The benefits reaped from an enriching university experience is contingent on a personal effort to make the most of one’s time in university. Nanyang Technological University (NTU) identifies with this notion and encourages students to make a conscious effort to question and to learn.
Mentored by dedicated top-notch professors, NTU students are groomed to co-own, co-drive and co-create a valuable student experience. We talk to three passionate and enterprising NTU Scholarship holders, all of whom are ready to forge their own paths in their chosen fields.
What sparked your interest in your course of study?
Roysmond Sim: I was initially offered the Nanyang Scholarship that would sponsor my bachelor’s degree in mathematics and economics and subsequently my master’s degree in financial engineering. I knew that those qualifications would have been able to send me soaring in a career that commanded a good starting salary.
However, I wanted a career that would be fulfilling, and identified a teaching career as one that would best be able to help me balance the dual priorities of work and life. I thus took up the MOE Teaching Internship Programme with Montfort Secondary School. It was then that I realised my ability to connect with the students and the sense of fulfilment I derived from doing so.
Sim Zhen Wei
NTU-NIE Teaching Scholars Programme
Studying: Bachelor of Science (Education), Nanyang Technological University
Pang Si Hui: When I worked at the National Council of Social Service (NCSS), I saw many children and youth who were victims of adversity and unfavourable social circumstances. I also saw how workers who read psychology were able to make a difference in the children’s lives, and I felt inspired to do the same.
While I was at NCSS, I also analysed income trends and tried my hand at formulating the criteria that would allow a family unit to qualify for a certain programme. My decision to take up a second major in Economics stemmed from the desire to make more informed decisions in that aspect.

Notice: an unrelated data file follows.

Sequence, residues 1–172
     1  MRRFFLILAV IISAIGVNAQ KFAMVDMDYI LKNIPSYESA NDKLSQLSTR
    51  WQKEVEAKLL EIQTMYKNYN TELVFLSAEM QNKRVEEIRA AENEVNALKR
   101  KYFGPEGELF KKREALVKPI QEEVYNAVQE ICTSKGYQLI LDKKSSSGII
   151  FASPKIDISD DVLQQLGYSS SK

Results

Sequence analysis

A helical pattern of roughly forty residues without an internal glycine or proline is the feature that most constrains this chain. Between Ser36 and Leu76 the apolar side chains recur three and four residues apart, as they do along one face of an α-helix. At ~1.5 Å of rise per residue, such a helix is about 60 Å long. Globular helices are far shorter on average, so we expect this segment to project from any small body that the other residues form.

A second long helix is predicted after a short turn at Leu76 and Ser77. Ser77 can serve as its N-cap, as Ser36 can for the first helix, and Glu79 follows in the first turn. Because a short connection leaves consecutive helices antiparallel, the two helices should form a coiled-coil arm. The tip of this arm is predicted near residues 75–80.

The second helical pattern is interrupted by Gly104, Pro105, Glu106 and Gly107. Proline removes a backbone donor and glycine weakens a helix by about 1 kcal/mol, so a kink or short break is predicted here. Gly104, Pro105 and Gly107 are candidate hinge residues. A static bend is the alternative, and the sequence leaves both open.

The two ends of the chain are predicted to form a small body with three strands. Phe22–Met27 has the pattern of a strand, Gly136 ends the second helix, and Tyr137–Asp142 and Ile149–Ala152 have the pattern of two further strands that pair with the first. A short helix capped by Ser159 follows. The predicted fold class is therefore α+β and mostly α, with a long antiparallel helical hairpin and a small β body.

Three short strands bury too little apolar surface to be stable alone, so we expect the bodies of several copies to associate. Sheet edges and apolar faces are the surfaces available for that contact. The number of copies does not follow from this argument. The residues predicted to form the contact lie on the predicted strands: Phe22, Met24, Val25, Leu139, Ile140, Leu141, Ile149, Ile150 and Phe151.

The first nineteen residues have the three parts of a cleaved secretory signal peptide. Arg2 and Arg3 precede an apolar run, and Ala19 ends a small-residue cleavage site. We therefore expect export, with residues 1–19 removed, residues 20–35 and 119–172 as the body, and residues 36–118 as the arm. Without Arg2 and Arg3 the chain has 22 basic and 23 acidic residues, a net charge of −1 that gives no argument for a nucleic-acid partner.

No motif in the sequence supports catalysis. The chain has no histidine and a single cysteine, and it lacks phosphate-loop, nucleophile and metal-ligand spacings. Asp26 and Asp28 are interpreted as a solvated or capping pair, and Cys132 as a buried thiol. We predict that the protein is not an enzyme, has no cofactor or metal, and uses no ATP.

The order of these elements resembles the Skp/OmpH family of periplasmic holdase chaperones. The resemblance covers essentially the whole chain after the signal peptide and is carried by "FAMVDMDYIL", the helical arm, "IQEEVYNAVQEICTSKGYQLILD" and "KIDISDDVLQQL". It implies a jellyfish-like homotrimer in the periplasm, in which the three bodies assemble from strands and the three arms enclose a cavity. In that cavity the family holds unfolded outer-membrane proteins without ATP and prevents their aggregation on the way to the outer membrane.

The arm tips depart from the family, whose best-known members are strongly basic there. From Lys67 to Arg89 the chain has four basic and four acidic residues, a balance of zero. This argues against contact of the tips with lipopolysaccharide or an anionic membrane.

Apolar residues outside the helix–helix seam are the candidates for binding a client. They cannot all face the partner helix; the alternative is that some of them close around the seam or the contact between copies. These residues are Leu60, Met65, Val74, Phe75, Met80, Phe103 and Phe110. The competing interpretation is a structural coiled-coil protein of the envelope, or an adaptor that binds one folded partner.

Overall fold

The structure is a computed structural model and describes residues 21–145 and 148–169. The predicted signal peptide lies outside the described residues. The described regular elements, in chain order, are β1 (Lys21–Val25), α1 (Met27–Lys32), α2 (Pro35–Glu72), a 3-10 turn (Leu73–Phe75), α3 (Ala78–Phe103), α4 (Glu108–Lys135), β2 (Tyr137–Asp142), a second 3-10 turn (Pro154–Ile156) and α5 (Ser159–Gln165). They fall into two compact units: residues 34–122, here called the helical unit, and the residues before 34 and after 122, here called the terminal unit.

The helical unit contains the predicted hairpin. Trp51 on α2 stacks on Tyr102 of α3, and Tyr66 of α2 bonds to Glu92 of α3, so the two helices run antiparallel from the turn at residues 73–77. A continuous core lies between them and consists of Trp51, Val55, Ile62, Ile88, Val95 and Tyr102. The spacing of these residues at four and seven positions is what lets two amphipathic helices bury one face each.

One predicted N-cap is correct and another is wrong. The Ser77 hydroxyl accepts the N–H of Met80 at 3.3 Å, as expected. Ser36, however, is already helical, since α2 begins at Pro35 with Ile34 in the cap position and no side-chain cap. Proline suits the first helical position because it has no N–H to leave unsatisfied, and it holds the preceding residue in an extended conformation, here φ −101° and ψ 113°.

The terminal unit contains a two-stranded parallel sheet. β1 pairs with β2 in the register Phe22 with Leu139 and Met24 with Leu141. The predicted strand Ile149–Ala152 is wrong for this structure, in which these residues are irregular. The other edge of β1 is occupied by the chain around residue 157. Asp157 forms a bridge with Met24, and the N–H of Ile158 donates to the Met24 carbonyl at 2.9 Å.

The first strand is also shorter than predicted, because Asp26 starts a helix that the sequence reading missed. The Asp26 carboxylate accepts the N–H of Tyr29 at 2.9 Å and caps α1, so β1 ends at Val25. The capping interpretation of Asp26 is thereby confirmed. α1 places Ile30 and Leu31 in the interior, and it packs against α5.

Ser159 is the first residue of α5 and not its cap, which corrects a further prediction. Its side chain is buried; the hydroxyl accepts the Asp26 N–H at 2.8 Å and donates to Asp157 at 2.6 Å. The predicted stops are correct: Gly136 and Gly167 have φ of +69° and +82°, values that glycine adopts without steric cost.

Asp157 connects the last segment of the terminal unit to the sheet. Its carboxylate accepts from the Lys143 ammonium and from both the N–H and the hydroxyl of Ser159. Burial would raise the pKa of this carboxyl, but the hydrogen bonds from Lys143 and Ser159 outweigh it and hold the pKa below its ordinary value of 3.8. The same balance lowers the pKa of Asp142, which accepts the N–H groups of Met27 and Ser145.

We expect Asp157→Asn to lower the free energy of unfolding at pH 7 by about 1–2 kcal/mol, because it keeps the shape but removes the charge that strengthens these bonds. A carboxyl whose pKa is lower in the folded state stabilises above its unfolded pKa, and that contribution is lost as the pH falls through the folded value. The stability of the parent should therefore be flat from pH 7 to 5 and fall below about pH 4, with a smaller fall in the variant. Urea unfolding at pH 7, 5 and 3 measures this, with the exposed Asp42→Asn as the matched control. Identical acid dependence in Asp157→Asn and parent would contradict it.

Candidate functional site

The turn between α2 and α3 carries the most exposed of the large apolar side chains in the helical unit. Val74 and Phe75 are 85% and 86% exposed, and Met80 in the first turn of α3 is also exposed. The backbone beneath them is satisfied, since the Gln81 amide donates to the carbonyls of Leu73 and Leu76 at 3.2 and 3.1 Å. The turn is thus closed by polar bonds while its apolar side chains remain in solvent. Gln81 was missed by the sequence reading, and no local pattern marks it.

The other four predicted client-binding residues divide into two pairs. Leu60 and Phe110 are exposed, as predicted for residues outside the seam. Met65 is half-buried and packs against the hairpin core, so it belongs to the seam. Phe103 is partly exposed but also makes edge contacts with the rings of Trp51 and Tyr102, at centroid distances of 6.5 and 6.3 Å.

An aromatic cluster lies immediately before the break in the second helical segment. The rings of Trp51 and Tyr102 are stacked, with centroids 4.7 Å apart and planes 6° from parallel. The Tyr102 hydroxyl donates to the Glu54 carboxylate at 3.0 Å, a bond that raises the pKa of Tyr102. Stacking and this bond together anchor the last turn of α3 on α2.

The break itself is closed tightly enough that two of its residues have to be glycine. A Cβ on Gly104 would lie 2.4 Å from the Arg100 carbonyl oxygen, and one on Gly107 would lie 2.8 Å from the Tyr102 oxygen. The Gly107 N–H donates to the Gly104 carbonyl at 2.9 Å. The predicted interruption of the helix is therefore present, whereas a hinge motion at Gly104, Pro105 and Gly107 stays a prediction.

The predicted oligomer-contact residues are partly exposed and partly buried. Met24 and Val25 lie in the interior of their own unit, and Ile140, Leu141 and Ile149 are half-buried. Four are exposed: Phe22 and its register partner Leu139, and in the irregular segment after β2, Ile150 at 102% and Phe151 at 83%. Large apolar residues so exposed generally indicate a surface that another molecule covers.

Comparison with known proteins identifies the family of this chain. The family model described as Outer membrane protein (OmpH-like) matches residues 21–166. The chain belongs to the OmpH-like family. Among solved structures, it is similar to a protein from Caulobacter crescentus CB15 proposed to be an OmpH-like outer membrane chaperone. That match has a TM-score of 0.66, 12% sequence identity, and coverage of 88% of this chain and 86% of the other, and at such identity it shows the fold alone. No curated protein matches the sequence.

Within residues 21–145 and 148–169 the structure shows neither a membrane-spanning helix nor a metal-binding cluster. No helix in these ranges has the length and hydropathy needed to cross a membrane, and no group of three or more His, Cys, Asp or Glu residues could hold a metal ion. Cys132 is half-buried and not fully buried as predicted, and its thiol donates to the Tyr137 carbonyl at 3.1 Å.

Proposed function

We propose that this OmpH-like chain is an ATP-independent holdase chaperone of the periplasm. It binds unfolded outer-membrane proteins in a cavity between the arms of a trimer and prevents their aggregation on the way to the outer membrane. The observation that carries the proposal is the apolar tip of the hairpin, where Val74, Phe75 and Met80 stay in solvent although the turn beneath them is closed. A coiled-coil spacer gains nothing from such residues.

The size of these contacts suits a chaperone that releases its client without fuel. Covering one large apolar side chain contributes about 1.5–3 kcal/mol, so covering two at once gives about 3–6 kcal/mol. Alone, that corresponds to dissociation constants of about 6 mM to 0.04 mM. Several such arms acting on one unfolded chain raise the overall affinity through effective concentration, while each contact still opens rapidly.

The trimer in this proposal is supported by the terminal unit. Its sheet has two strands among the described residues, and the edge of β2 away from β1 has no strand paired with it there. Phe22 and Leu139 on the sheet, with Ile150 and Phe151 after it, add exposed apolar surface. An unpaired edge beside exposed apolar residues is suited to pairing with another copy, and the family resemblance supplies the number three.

Michele Tan: I was initially interested in architecture but later felt a stronger inclination towards mathematics and science. I thus chose to take up civil engineering and picked a second major in business because I was drawn towards the vast array of career prospects it would give me.
What is unique about your educational journey at NTU?
Roysmond: My NTU-NIE Teaching Scholars Programme focuses on three areas. It gives me a more in-depth understanding of Physics as a subject, how it should be taught and the methodology of teaching. Our programme sees us taking various modules associated with the psychological aspects of teaching and the art of conveying the subject in an easy-to-understand manner.
NIE also partners various other schools such as the Institute of Education, a college in the University of London dedicated entirely to education and related areas of social science. Our participation in summer exchange programmes there gives us an insight into their education system, which I hope will help me make a difference in Singapore’s education system.
Si Hui: I am currently participating in the Undergraduate Research Experience on CAmpus (URECA) programme. I am working under Professor Setoh Peipei and our research interest is centered on examining moral development in infants and young children. I am grateful that I am able to gain hands-on research experience as a Research Assistant and I hope to be able to start conducting experiments next semester.
I am also planning to apply for an exchange programme in Year 3, and I am certainly looking forward to learning in a new culture and environment.
Michele Tan Yi Hui